But, this method can be confusing because it results in a pattern unit numbered A1 and 3, A2 and 1, A3 and 1, etc. If you find yourself making errors because your brain got tired and you've mistaken color #4 for piece sequence #4 (or vice versa), take one set of numbers out of the equation and use letters instead of numbers for your fabric codes. If you have a pattern that uses all different colors, just use letters to represent the colors. R for red, B for blue, BG for blue-grey, etc. If you have a pattern that uses a lot of similar colors (3 pinks, 5 beiges!) then use the pattern itself for your fabric codes. Consider options like MC for the color used most often, BG for background, G for grass, SK for sky, or ST for stars. Your pattern will drive your selections, but your goal is to make it easier for your brain by NOT having two sets of numbers to deal with on the same patch.
Pre-Folding: As you work each unit, you'll be flipping back the pattern to check the placement of your fabric, and then again to trim the seam allowance in readiness for adding the next piece. It's a lot harder to fold your pattern accurately when you already have fabric attached to some of it, so pre-fold every sewing line on your pattern units before you start sewing. In a large complex pattern, this can take a while. It's a great TV task.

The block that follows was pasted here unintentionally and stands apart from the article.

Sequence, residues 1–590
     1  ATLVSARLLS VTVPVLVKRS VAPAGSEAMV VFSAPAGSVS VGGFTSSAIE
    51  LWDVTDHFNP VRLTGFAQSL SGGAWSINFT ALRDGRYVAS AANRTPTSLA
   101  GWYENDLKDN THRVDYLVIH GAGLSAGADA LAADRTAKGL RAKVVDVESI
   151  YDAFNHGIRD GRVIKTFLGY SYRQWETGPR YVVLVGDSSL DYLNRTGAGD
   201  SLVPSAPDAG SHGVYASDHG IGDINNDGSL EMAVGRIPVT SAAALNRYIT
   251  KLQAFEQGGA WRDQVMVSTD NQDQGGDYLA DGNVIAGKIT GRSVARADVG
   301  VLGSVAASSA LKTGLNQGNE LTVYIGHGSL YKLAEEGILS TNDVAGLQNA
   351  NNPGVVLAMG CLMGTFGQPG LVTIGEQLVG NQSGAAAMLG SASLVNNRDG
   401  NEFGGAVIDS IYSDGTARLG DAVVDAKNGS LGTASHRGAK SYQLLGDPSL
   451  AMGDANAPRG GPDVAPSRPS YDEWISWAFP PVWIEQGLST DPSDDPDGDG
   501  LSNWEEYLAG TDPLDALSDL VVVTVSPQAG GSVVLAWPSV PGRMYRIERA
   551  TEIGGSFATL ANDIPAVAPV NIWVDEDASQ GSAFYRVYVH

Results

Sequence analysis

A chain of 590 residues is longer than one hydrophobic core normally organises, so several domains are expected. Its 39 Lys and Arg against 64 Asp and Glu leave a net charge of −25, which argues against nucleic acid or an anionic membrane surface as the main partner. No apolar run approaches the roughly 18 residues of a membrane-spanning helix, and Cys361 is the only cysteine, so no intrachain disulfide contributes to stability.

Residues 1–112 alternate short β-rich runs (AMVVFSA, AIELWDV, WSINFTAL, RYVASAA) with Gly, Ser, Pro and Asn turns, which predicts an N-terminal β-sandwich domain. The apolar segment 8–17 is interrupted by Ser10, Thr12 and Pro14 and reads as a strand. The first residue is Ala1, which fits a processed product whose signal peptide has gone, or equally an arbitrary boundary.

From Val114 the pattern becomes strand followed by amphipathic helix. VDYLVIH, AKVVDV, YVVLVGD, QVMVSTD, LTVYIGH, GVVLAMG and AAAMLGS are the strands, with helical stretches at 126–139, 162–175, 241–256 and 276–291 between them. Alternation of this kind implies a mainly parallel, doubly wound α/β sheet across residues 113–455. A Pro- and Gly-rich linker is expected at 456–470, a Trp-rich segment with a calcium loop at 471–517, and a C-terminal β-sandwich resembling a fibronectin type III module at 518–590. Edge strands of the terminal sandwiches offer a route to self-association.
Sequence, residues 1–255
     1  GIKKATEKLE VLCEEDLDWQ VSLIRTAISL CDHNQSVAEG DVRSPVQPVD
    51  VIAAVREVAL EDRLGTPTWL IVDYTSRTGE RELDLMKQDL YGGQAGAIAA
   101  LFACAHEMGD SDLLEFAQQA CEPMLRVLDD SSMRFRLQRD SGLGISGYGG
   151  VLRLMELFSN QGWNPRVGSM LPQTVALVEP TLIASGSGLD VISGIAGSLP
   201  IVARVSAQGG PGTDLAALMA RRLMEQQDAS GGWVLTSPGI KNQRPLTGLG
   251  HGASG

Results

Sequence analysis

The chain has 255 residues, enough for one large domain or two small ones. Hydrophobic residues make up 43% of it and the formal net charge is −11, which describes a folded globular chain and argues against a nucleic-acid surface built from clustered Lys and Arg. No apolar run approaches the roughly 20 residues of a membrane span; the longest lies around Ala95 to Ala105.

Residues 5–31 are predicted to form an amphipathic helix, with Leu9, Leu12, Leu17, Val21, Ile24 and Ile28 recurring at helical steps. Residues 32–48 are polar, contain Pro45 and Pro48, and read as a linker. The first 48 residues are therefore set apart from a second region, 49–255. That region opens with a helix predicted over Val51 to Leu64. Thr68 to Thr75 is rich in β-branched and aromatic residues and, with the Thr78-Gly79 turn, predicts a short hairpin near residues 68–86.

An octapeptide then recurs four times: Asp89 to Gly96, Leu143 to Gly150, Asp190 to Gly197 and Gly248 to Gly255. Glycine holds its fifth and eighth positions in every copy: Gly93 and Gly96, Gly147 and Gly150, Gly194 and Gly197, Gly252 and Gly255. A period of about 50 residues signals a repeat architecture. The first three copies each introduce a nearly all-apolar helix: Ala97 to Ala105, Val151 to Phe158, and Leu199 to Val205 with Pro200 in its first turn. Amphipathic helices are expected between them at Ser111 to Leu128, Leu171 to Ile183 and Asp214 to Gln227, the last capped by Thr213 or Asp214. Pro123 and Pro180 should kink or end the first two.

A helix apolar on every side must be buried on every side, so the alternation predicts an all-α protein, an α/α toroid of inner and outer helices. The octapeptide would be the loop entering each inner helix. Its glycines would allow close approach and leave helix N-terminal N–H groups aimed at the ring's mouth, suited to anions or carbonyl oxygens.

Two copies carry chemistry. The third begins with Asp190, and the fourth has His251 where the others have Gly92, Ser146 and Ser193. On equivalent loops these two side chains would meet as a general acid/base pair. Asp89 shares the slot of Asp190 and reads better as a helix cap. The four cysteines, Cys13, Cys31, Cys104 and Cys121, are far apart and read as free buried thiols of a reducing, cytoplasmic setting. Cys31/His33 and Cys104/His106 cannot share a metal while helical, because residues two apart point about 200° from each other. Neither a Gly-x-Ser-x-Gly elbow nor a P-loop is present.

Fabric Staging - Per Unit: In addition to staging my fabrics for the overall pattern on my design wall, I often stage fabrics for a particular unit on my lightbox in the order that they're added to the unit. This step takes a minute or two ahead of time, but it makes assembling the unit go much faster once you start sewing. To stage fabric for a unit, use your lightbox to identify pieces that will cover each patch properly, remembering that each piece needs seam allowance around the perimeter. I use the green handwritten numbers (or letters) for this step. Then, during assembly, my brain is allowed to ignore the fabric notation on the pattern unit and only pay attention to the sequence numbering.